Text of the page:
Designing An Investor Grade Financial Model

Series: Building an Investor Grade Financial Model

Everyone has heard the stories of the mythical startup unicorns, bringing in millions in early funding through back of the napkin sketches of their business proposition.  These are the outliers. If your last name isn’t Bezos, Zuckerberg, or Musk, chances are people will take your financial predictions with a grain of salt. Communication is key, and as an entrepreneur you must be able to articulate your vision of future growth in a way that instills confidence and clarity. You can accomplish this by creating & sharing an investor-grade financial model.  

In this post, the first of a series we are doing on investor-grade financial models, we’re going to discuss the most effective ways to design & format your financial model so that it clearly illustrates your vision to investors.

These tips require NO excel formulas or finance knowledge, and an important tip to remember is that financial models aren’t all about function, design is incredibly important and can impress investors when done right.

Tip #1 – Be consistent in your design throughout your financial model

A good financial model may have as many as 20 or 30 different tabs forecasting various components of your business or showing various output such as your income statement, balance sheet, etc. It’s vital to have a consistent design across all of these tabs, so when your potential investors flip through, they can focus on the important things, like your assumptions, and not have to spend mental energy navigating the document itself.

Here are some examples of good designs / consistent designs:

By design, we mean colors, fonts, font sizes, and row heights, & column widths. Notice how in the above images they are all consistent from tab to tab, with information laid out in an almost identical format. It may sound basic, but we see models all the time that have different fonts, different font sizes, information spread throughout the model without any consistent plan or strategy. This doesn’t “show” well with investors, it makes them work harder to extract value from your financial model and takes away from the vision that you’re trying to convey.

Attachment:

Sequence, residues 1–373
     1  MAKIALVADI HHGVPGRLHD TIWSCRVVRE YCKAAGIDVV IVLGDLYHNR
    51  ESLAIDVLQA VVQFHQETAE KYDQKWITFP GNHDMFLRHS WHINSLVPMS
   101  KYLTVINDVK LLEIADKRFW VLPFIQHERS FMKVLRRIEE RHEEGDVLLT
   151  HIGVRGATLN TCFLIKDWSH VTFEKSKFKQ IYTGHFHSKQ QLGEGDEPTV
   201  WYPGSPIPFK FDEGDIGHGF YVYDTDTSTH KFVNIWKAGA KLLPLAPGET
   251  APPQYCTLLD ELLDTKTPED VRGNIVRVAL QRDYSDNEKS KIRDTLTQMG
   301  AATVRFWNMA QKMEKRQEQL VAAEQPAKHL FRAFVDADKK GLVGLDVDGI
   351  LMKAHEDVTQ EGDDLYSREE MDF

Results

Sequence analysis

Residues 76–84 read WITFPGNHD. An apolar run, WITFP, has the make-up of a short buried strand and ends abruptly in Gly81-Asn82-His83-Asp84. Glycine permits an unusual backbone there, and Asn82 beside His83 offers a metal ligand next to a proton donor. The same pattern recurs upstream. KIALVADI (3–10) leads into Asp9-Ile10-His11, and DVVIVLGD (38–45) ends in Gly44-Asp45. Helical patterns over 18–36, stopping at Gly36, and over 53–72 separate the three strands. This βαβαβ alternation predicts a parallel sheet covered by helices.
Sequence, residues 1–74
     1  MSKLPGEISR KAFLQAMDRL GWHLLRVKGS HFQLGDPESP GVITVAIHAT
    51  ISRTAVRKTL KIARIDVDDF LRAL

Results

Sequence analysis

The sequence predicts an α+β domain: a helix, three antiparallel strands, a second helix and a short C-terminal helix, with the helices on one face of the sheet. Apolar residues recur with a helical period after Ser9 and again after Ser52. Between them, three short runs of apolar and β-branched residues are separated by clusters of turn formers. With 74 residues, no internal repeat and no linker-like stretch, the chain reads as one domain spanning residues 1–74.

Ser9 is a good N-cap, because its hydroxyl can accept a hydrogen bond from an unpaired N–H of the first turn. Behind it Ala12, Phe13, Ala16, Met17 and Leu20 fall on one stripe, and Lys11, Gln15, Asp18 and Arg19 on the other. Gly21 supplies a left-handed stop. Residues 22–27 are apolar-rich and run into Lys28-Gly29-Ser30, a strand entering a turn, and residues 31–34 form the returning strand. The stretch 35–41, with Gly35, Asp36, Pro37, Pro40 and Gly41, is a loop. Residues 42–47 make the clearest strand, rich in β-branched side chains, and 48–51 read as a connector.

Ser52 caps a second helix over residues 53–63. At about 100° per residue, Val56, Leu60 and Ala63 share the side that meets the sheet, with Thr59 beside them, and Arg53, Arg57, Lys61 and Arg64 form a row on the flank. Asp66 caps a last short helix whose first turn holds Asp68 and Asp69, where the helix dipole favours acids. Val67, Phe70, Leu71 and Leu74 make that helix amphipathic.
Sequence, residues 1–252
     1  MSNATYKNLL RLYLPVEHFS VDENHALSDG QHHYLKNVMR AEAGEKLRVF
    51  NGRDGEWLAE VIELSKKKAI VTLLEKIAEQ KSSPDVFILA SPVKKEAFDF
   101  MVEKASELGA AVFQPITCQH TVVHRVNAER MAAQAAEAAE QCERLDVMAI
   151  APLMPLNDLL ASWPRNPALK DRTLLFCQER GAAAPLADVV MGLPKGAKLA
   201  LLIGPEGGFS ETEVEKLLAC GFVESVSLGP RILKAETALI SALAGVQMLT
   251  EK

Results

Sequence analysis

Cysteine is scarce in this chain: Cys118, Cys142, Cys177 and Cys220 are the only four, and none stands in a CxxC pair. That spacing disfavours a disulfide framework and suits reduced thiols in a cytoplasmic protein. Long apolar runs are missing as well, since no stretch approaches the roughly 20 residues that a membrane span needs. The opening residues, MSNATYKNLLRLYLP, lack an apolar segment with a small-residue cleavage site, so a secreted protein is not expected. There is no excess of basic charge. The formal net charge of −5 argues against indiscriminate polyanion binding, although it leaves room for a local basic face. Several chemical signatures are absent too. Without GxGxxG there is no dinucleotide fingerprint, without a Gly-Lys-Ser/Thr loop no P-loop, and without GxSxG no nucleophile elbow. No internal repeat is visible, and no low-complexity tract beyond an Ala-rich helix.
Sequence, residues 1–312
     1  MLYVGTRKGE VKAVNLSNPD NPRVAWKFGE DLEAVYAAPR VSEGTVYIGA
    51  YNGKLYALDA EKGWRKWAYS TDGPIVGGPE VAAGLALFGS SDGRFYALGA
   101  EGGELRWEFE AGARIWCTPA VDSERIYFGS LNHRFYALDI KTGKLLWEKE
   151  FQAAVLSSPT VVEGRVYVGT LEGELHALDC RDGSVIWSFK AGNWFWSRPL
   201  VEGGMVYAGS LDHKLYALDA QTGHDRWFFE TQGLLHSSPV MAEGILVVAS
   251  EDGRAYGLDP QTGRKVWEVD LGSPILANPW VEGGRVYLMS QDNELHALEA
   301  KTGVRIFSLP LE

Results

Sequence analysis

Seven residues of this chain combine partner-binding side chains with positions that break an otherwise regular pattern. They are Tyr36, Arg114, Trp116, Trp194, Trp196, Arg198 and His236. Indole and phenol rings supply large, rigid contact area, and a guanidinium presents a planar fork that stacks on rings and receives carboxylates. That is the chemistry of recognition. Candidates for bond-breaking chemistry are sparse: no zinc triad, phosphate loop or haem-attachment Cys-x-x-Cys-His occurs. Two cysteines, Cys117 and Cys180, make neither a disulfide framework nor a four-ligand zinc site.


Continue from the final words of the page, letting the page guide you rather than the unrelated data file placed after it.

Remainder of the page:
You wouldn’t show disorganized information in your pitch deck, so don’t do it with your financial model!

Tip #2 – Create an Investor Dashboard that summarizes your financial model

Investor dashboards can be a powerful tool for communicating high level vision in just one page.

First, think of what your investors will be most interested in when they look at your financial model (annual projections, team/headcount growth, expense breakdowns, profitability, capital requirements, potential valuations, important model assumptions, etc.).

Next, create a dashboard that links to all that important information housed elsewhere in the model, pulling everything onto one tab that is easy viewable.

Investors Dashboards are great for printing to PDF and sharing with investors in in-person meetings.

Tip #3 – Color Code the cells & tabs in your model to make it easy to find drivers & assumptions

Color Coding your financial model is incredibly easy, and something that most founders fail to do. By using a color scheme, you’re making your model easier to navigate.

Assumptions are the inputs that you hard code into your model by typing a number into a cell; essentially these are the key driving factors to your projections. These assumptions should ALWAYS be color coded. Investors (and you) need to be able to easily distinguish between a hard-coded assumption, and calculated numbers (such as your revenue, which should NEVER be hard-coded).

At Venture First we always color all our assumptions with a blue background and blue text.

We also suggest that you color code the individual tabs of the model.  

Here is what we like to do:

  1. Output Tabs (Financial Statements, Dashboards, etc.) – Main color for your company
  2. Assumption Tabs – Bright Yellow
  3. Revenue / Growth Tabs – Green
  4. COGS / Expense Tabs – Red
  5. Balance Sheet Tabs – Blue

Hopefully, you can see now that you need not be an Excel wizard or a financial guru to impress investors with your financial model. Of course, the numbers and forecasting methods matter most, and we discuss how to “ace” that in other blog posts, but at a minimum you should design & format your financial model well to pass the initial sniff test.

As always, if you need ANY help with your financial model or have additional questions, don’t hesitate to reach out. We build financial models for a living here at Venture First, and we’d love nothing more than to help you build yours.

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